There are few things that bring me as much joy and peace as exploring a new trail with my favorite hiking partner.
I had a chance to get out alone with my dog, Sherman, a few weeks ago, and this new hike somehow reminded me of our early hikes at the Eno River in Durham, NC, in the year or so after I adopted him. It was a particularly turbulent phase of graduate school (for me and my labmates) where it felt like so many circumstances affecting my life and my future were beyond my control. In some ways, there are parallels with what we are experiencing now. Though the current societal challenges are obviously more significant (and even existential), some of the feelings of lack of power and control over what our future holds are the same. Since our weekend hike, I’ve been reflecting on what I learned from those challenging graduate school years a decade ago and what I would go back now to tell Shirley of 2009 (and maybe current-day Shirley could also benefit from a reminder of these lessons, too)...
1. In a relatively short time, it will feel like all of this happened a very long time ago. I’ve had to actually think pretty hard to remember the experiences and emotions of the 2008-2011 years, despite the weight and struggle of those years at the time. Hopefully this will be true when we reflect on the challenges of 2020 in a few years, too.
2. It’s ok to do only the best you can in each moment. Not achieving to your highest level in every moment is not going to ruin your life. In fact, letting go of the expectations and embracing some of the other things that bring you joy (such as spending time with that amazing dog you just adopted or volunteering with that incredible therapeutic horseback riding program) can bring more long-term fulfillment than what you thought achieving that other goal would.
3. The power of gratitude. I did not have this as an intentional tool to use back in the graduate school years, and I wish I did. The gratitude practices I’ve incorporated over the last two years have made a huge difference in my outlook on where we are, what’s really important, and how to move forward. I regularly think about how thankful I am for our location, the amazing people in our lives, the beautiful blue skies and clouds and warmth of the sunshine, etc... Focusing on appreciating the abundance around you really does train your brain to shift out of the negative funk caused by the challenges of the day.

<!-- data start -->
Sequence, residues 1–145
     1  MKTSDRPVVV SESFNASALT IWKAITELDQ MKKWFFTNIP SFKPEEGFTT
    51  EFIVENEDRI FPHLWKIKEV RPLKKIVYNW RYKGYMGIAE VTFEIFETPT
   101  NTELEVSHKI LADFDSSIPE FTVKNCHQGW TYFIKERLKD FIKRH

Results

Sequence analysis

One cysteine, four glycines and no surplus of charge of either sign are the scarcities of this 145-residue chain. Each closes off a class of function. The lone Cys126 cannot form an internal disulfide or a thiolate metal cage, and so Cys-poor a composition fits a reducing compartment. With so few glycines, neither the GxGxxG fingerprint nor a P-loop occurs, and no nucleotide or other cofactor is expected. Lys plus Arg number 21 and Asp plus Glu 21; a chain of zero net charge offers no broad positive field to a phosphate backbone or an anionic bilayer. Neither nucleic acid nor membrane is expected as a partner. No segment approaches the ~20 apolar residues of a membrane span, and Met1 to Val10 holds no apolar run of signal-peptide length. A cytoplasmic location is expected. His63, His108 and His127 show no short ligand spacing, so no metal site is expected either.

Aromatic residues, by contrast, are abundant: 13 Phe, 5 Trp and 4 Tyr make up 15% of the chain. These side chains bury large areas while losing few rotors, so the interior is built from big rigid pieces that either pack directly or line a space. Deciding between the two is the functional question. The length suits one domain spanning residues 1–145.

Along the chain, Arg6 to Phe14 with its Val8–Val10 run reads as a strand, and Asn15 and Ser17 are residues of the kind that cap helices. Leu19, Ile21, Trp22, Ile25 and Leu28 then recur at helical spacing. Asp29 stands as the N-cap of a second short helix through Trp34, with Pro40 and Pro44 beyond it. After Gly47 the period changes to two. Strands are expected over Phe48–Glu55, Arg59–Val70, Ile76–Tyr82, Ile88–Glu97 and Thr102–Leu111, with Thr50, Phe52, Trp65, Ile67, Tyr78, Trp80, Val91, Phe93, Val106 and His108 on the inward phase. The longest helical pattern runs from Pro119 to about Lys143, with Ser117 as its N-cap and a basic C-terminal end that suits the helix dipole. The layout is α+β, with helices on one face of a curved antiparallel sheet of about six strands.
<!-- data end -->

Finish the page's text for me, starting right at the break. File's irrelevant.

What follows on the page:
4. I would not tell her to change how she reacted to things (though I am quite confident that I would react very differently to certain situations now). Your reactions are what they are, based on who you are at the time. Even if they may seem naive or excessive in retrospect, your feelings are legitimate and they matter. Allow yourself the space to recognize them without judgement of what that means about who you are.
5. The power of putting energy in love and care for someone else (of the canine, human, or other variety). It can (and will) change your life. We still have autonomy in terms of how we show up for other people. When it feels like everything is a mess, love can make all of the difference in the world.
The start and end of our hike last weekend involved crossing a rickety old suspension bridge that honestly freaked me out a bit. As we walked across, past giant gaps in the bottom part of the side railing, with the bridge bouncing up and down and the wood slats creaking and shifting under our feet, I was aware of very little other than the thought, “get me off of this bridge, pronto!”. But once we got to the other side, the hike was gorgeous and peaceful and exactly what I needed. So I’m going to work on believing that the year 2020 is just another rickety bridge with beauty and calm and so much potential waiting on the other side.